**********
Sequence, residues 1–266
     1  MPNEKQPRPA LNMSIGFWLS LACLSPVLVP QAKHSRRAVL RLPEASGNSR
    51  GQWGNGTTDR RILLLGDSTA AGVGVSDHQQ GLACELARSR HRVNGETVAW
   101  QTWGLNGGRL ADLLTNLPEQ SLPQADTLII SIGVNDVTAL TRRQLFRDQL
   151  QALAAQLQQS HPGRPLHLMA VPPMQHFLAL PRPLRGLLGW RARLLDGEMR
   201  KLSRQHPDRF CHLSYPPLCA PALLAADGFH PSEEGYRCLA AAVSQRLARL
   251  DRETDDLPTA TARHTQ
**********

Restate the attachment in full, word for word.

Sequence, residues 1–266
     1  MPNEKQPRPA LNMSIGFWLS LACLSPVLVP QAKHSRRAVL RLPEASGNSR
    51  GQWGNGTTDR RILLLGDSTA AGVGVSDHQQ GLACELARSR HRVNGETVAW
   101  QTWGLNGGRL ADLLTNLPEQ SLPQADTLII SIGVNDVTAL TRRQLFRDQL
   151  QALAAQLQQS HPGRPLHLMA VPPMQHFLAL PRPLRGLLGW RARLLDGEMR
   201  KLSRQHPDRF CHLSYPPLCA PALLAADGFH PSEEGYRCLA AAVSQRLARL
   251  DRETDDLPTA TARHTQ